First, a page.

tween the two hospitals.

"If a paramedic responding to a 911 call contacts us," Dr. Koobatian said, "and says, `Yes, this is a (serious) heart attack' after doing an EKG and heart tracing on the patient, the doctor here will tell him to bypass New Milford and got straight to Danbury Hospital.' "

"We call Danbury and they activate the cath lab to have it up and running and ready for the patient as soon as that patient arrives," he explained.

Cardiac care available in New Milford is top notch, said Dr. Michael Levine, division director of cardiology.

"We handle people with congestive heart failure, chest pain, symptoms that do not appear to be acute heart attacks," Dr. Levine explained.

"We handle a lot of arrhythmias, insert pacemakers and treat people with rapid heartbeat and unclear sources of fainting," he said.

Being able to transfer a patient requiring open heart surgery to Danbury Hospital removes the issue of inclement weather delaying LifeStar arrival or takeoff to Hartford, Dr. Levine noted.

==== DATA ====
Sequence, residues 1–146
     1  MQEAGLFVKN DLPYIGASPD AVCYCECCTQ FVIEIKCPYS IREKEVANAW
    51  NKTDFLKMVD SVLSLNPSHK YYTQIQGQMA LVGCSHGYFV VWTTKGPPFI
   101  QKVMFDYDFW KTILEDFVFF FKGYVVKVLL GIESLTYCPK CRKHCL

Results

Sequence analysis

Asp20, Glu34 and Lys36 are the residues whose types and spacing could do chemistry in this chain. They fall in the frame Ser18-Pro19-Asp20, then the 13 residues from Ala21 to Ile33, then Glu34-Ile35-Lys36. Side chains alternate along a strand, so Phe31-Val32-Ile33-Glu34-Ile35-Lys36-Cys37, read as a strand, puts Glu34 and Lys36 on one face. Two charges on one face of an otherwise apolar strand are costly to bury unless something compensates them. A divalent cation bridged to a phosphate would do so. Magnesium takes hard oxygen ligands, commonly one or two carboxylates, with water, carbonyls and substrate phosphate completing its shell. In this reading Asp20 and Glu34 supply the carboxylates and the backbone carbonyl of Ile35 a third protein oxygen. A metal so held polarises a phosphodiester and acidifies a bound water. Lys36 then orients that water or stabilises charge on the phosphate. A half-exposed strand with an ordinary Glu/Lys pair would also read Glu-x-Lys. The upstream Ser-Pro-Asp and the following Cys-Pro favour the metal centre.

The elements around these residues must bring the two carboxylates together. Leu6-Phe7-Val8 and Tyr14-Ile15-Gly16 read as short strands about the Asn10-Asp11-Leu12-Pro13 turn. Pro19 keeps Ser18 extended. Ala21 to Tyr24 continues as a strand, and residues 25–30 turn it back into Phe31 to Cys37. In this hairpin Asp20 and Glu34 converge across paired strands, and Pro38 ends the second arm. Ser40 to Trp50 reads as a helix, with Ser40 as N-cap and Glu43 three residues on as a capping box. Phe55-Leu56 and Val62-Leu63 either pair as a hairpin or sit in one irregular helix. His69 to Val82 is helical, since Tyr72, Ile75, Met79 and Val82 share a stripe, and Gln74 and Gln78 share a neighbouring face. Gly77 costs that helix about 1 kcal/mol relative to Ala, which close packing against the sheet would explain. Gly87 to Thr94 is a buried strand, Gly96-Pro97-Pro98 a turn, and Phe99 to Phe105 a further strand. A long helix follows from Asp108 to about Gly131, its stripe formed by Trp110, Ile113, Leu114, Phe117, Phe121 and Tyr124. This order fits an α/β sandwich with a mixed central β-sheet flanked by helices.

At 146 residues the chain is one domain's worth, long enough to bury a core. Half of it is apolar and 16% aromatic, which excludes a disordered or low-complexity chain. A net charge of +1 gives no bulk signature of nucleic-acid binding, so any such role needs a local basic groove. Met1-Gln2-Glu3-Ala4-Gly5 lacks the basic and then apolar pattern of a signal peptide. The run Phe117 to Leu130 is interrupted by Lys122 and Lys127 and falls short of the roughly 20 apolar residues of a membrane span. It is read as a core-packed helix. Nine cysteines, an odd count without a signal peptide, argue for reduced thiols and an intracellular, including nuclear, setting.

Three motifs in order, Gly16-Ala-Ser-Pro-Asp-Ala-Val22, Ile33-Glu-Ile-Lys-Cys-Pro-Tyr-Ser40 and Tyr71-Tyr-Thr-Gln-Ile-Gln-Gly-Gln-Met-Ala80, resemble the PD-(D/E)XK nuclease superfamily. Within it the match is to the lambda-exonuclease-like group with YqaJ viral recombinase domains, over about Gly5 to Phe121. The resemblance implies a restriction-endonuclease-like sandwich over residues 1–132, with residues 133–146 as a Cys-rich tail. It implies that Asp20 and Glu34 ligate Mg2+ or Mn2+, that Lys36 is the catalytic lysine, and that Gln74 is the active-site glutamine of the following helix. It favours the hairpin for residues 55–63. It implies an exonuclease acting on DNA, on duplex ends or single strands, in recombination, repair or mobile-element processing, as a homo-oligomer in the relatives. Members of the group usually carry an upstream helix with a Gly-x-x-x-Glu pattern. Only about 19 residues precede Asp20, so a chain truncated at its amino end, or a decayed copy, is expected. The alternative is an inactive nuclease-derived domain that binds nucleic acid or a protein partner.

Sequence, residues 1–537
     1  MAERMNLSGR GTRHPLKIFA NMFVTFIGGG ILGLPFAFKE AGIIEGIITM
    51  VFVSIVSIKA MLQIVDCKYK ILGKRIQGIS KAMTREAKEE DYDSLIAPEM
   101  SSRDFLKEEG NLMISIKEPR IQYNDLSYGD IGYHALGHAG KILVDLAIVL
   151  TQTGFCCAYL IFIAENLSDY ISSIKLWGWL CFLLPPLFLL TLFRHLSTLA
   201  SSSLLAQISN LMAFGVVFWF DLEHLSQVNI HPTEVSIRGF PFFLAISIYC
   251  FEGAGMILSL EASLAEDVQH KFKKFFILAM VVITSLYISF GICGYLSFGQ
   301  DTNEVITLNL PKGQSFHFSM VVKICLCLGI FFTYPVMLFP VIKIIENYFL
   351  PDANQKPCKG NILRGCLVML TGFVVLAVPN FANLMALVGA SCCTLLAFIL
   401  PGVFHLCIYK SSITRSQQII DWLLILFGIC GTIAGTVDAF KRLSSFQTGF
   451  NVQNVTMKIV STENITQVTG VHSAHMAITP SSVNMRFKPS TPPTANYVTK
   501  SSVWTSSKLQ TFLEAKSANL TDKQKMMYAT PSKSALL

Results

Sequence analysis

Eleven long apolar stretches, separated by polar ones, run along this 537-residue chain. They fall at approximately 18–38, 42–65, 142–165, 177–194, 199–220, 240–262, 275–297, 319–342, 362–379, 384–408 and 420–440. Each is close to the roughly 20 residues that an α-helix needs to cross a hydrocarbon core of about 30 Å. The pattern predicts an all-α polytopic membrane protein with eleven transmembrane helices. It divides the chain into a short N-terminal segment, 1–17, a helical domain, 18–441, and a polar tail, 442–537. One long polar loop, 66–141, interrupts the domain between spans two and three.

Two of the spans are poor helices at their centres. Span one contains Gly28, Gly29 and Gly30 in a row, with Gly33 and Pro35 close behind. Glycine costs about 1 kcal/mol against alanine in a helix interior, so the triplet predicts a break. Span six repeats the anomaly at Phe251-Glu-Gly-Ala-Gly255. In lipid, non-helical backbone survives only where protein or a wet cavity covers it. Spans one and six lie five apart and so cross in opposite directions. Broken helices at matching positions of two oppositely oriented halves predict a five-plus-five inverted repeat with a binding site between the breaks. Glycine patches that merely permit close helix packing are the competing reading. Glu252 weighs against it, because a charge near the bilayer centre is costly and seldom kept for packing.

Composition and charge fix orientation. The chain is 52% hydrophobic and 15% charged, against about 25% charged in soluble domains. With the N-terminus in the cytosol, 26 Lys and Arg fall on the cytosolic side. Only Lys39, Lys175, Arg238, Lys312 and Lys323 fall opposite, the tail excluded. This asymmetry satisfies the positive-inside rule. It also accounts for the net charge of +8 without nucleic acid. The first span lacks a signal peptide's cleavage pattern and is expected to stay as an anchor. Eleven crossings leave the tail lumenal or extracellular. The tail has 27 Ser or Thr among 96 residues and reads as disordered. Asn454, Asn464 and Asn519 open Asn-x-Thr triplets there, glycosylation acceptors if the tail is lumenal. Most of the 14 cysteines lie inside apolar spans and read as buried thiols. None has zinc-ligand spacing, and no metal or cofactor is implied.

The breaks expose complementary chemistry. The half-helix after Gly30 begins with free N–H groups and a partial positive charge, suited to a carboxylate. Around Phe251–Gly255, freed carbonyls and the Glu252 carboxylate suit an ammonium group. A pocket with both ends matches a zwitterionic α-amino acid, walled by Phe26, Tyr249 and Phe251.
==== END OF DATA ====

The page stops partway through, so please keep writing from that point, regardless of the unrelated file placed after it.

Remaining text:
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For John Belfontane, 54, being able to do his cardiac rehabilitation at New Milford Hospital has eliminated the stress of driving from his home in Gaylordsville to Danbury Hospital. Mr. Belfontane suffered a heart attack while at work in Bethel and was rushed to Danbury Hospital. Five days later, he underwent a quadruple bypass, performed by surgeon Dr. Eugene Fernandez. "The doctors and staff at Danbury Hospital were great," Mr. Belfontane said, "and the nurses here at New Milford's rehab have helped me lose some of the fear I had starting physical activity again." "They've taken me slowly to increasing my activity and strengthening my endurance," he said. R.N. Nancy Demchuk, the hospital's cardiac rehabilitation director, answers questions Mr. Belfontane has about his medications, diet and how the heart functions, he said. Feeling knowledgeable about his condition has helped empower him, Mr. Belfontane said, reducing stress and facilitating his recovery.